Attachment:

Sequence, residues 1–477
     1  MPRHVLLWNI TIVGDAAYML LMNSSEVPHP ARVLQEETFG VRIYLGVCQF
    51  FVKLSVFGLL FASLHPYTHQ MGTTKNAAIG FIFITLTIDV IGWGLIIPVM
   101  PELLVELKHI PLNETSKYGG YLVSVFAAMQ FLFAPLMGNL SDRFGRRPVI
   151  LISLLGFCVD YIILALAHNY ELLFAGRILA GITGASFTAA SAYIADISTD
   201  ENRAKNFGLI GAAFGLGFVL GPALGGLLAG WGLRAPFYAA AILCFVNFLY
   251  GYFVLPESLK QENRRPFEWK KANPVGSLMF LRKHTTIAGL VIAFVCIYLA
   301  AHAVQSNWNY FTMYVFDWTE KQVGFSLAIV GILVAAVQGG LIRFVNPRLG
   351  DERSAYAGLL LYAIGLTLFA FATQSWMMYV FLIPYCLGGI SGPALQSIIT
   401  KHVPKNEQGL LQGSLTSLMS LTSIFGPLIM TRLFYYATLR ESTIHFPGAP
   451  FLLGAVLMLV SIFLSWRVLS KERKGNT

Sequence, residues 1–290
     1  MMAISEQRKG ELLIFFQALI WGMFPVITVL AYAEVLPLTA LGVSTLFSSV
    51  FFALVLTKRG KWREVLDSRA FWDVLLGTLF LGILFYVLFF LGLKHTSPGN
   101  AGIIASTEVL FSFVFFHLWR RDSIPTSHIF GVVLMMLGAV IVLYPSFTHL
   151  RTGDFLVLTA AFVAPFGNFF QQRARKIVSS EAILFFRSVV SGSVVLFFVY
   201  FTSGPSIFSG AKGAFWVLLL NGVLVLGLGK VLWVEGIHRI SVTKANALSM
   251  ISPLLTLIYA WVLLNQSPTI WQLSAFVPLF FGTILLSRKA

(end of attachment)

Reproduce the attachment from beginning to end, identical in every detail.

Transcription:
Sequence, residues 1–477
     1  MPRHVLLWNI TIVGDAAYML LMNSSEVPHP ARVLQEETFG VRIYLGVCQF
    51  FVKLSVFGLL FASLHPYTHQ MGTTKNAAIG FIFITLTIDV IGWGLIIPVM
   101  PELLVELKHI PLNETSKYGG YLVSVFAAMQ FLFAPLMGNL SDRFGRRPVI
   151  LISLLGFCVD YIILALAHNY ELLFAGRILA GITGASFTAA SAYIADISTD
   201  ENRAKNFGLI GAAFGLGFVL GPALGGLLAG WGLRAPFYAA AILCFVNFLY
   251  GYFVLPESLK QENRRPFEWK KANPVGSLMF LRKHTTIAGL VIAFVCIYLA
   301  AHAVQSNWNY FTMYVFDWTE KQVGFSLAIV GILVAAVQGG LIRFVNPRLG
   351  DERSAYAGLL LYAIGLTLFA FATQSWMMYV FLIPYCLGGI SGPALQSIIT
   401  KHVPKNEQGL LQGSLTSLMS LTSIFGPLIM TRLFYYATLR ESTIHFPGAP
   451  FLLGAVLMLV SIFLSWRVLS KERKGNT

Sequence, residues 1–290
     1  MMAISEQRKG ELLIFFQALI WGMFPVITVL AYAEVLPLTA LGVSTLFSSV
    51  FFALVLTKRG KWREVLDSRA FWDVLLGTLF LGILFYVLFF LGLKHTSPGN
   101  AGIIASTEVL FSFVFFHLWR RDSIPTSHIF GVVLMMLGAV IVLYPSFTHL
   151  RTGDFLVLTA AFVAPFGNFF QQRARKIVSS EAILFFRSVV SGSVVLFFVY
   201  FTSGPSIFSG AKGAFWVLLL NGVLVLGLGK VLWVEGIHRI SVTKANALSM
   251  ISPLLTLIYA WVLLNQSPTI WQLSAFVPLF FGTILLSRKA